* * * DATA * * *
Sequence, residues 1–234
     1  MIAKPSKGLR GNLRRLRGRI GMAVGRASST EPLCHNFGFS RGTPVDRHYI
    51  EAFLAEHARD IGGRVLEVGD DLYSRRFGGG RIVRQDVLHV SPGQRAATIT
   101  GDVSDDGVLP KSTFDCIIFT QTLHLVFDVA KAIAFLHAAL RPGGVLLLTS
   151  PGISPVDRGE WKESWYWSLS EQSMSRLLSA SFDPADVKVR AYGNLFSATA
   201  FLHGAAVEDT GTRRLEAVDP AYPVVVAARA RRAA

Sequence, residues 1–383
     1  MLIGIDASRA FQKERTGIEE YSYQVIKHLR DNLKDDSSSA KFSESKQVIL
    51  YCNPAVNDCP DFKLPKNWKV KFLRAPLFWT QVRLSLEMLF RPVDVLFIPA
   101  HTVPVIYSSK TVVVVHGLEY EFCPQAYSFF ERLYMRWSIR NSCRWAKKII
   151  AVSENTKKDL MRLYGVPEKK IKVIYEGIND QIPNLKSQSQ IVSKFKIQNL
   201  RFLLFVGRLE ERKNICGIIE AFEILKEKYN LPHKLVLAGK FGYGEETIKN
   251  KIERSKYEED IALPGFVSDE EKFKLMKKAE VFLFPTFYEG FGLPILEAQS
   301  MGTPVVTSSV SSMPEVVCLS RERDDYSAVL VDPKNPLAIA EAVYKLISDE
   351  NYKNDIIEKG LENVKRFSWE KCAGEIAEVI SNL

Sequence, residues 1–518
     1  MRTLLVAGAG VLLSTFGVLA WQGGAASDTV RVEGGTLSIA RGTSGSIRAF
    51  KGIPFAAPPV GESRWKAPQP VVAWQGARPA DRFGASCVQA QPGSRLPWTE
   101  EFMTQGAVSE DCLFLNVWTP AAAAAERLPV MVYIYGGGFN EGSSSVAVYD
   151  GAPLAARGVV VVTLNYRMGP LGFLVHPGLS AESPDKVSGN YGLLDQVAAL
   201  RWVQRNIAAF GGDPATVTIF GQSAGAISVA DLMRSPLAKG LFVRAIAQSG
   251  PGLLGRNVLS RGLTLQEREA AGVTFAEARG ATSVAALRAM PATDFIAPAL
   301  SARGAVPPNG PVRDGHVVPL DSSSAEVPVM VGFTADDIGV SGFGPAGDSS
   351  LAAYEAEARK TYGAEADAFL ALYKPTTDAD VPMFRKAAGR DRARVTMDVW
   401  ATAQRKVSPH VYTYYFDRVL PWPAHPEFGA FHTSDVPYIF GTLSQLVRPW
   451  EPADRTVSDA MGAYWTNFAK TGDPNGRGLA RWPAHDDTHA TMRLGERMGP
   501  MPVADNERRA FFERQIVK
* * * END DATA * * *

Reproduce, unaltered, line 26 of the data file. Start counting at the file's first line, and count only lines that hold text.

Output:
   451  EPADRTVSDA MGAYWTNFAK TGDPNGRGLA RWPAHDDTHA TMRLGERMGP